5. Ditch the ultra-processed foods.

We hinted at this above, but it cannot be said enough: ultra-processed foods are the least satiating and most calorie-dense foods you can eat. That means they are high in calories and don’t fill you up—not a good combo! Minimal protein and fiber combined with high levels of sugar, starch, and oils make them easy to overeat—and quickly. Frequent overconsumption of these foods can contribute to an energy surplus, spike our insulin levels, and lead to weight gain.

6. Lift heavy and often: the power of resistance training.

When we talk about weight loss, we need to be specific that we want to lose fat while maintaining, or preferably building, lean muscle. Losing some lean muscle while losing fat is unavoidable, but strength training can help us maintain and build up our lean muscle mass even more.

Dr. Don Laymen’s research shows that 75 percent of our muscle mass is related to strength training, and 25 percent is from diet. That makes resistance training essential for any weight-loss program to avoid the muscle wasting that can occur with a calorie deficit. Lifting weights two or three times per week is enough to maintain and build lean muscle.

Note: Just focusing on the number on the scale is one of the worst ways to get a sense of your overall body composition. Muscle weighs more than fat and is a reservoir for glycogen and water, which might reflect a higher number on the scale than anticipated. Getting an InBody scan is a helpful way to get a baseline and monitor your progress.

7. You must be in a calorie deficit to lose weight (primarily fat). 

To lose about a pound of fat per week, equal to about 3,500 calories, Max recommends creating a 500-calorie deficit per day. (500 calories per day x 7 days per week = 3,500 calories.)

The easiest way to create a calorie deficit? Reduce your daily energy intake by 250 calories and increase your daily energy expenditure by 250 calories. Read the next two cheat codes for simple tips on how to do this.

8. Reduce your intake of added oils and fats.

Fat is the most calorie-dense macronutrient at nine calories per gram; it’s also the least satiating. Added fat from oil, nuts, seeds, and dark chocolate are high in calories but less effective than protein and fiber for curbing hunger. The same goes for fattier cuts of meat. The additional fat does not provide additional value to feelings of fullness.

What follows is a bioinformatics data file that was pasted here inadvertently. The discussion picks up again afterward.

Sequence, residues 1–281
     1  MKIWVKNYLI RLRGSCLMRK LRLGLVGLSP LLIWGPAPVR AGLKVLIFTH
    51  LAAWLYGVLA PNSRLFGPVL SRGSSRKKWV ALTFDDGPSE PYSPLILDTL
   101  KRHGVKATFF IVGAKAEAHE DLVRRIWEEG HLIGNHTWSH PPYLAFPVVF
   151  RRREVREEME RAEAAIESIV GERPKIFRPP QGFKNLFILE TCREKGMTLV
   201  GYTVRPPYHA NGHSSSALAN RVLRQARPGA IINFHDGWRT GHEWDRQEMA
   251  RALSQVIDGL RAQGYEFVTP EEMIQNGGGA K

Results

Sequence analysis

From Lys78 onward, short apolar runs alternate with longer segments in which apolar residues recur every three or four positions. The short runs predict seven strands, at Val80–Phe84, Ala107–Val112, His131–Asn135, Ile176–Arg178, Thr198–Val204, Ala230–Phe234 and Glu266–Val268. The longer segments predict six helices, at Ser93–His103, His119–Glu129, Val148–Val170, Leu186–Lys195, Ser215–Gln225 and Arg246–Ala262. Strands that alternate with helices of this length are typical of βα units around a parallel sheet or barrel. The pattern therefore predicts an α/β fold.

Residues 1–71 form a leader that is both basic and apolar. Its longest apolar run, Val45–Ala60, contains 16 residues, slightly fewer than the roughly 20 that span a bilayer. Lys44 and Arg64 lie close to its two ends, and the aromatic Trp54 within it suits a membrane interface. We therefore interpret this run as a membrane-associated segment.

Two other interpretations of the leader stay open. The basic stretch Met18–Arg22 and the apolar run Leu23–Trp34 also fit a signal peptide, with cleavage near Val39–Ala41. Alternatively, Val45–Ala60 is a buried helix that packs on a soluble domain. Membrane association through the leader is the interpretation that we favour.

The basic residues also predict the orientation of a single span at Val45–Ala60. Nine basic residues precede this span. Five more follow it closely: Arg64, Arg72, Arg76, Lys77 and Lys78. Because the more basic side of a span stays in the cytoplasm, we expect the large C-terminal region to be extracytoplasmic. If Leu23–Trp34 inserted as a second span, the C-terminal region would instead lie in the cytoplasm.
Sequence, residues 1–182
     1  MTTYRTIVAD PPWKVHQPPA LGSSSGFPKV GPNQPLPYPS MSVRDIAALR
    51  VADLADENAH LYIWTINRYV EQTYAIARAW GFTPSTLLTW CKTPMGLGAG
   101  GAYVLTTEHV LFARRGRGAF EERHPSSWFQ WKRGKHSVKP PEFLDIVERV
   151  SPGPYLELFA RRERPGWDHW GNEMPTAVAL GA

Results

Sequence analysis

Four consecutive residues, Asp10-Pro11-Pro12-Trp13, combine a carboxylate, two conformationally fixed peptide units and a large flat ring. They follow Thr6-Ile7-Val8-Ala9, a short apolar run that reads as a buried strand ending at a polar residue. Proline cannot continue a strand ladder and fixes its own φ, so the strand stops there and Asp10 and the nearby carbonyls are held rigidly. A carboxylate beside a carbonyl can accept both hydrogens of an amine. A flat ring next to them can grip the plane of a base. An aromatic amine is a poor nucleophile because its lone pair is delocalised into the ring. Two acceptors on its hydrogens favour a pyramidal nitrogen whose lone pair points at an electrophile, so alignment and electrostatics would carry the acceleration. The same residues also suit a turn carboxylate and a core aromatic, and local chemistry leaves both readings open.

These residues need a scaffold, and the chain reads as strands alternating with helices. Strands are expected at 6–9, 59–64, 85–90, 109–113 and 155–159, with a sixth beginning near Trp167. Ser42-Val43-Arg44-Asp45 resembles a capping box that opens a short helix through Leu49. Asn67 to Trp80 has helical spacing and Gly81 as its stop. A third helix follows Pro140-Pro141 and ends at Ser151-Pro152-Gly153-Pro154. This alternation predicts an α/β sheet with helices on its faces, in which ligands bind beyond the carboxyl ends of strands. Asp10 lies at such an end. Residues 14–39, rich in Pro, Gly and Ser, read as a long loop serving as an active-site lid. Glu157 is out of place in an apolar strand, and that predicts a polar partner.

This is why Max eats mostly leaner cuts of meat (e.g., tenderloin, flank steak, and NY strip steak) and opts for low-fat or fat-free dairy products over full-fat varieties. Plenty of research shows that dairy fat is beneficial for metabolic health, but when the aim is fat loss, we need to reduce calories, and fat is one of the easiest and most effective places to do it.

Dietary fat is still super important, but beyond its minimal effective dose, you’re not getting any performance benefits. You can easily get enough from what’s naturally found in meat, seafood, and eggs. Doubling down on cheat code #1 (eat at home more often) will help greatly reduce your added fat intake as well.

9. Don’t kill yourself on cardio. 

Walking is a powerful tool for blood sugar control and weight loss, and the good news is you don’t have to walk 10,000 steps a day to reap its benefits. Max briskly walks 1–2 miles on a treadmill daily (3.2–3.5 mph at a 3.5–4.5 incline) for 30–45 minutes.

This creates a 250-calorie deficit or higher. The best part about walking is that it’s super easy to maintain and doesn’t require much effort, as opposed to running or more aggressive forms of cardio.

In addition to being a fat-burning machine, there are a bunch of other benefits of walking we’ve talked about. You can read more about them here:

10. Be patient and stay consistent. 

This is a good place to end—with knowing that any changes to your diet and exercise regime take time to produce results. Be patient and stay consistent because body recomposition is not always linear, especially if you’re adding in more resistance training.

It’s normal to see your weight fluctuate from day to day, but don’t give up! As long as the number trends downward over time, you know you’re on the right track.

If you found these cheat codes interesting and want to hear more detail on the subject, definitely check out Max’s and my episode together and be sure to sign up for his weekly newsletter, Max’s Must-Haves, here.

Here’s to your health,
Dhru Purohit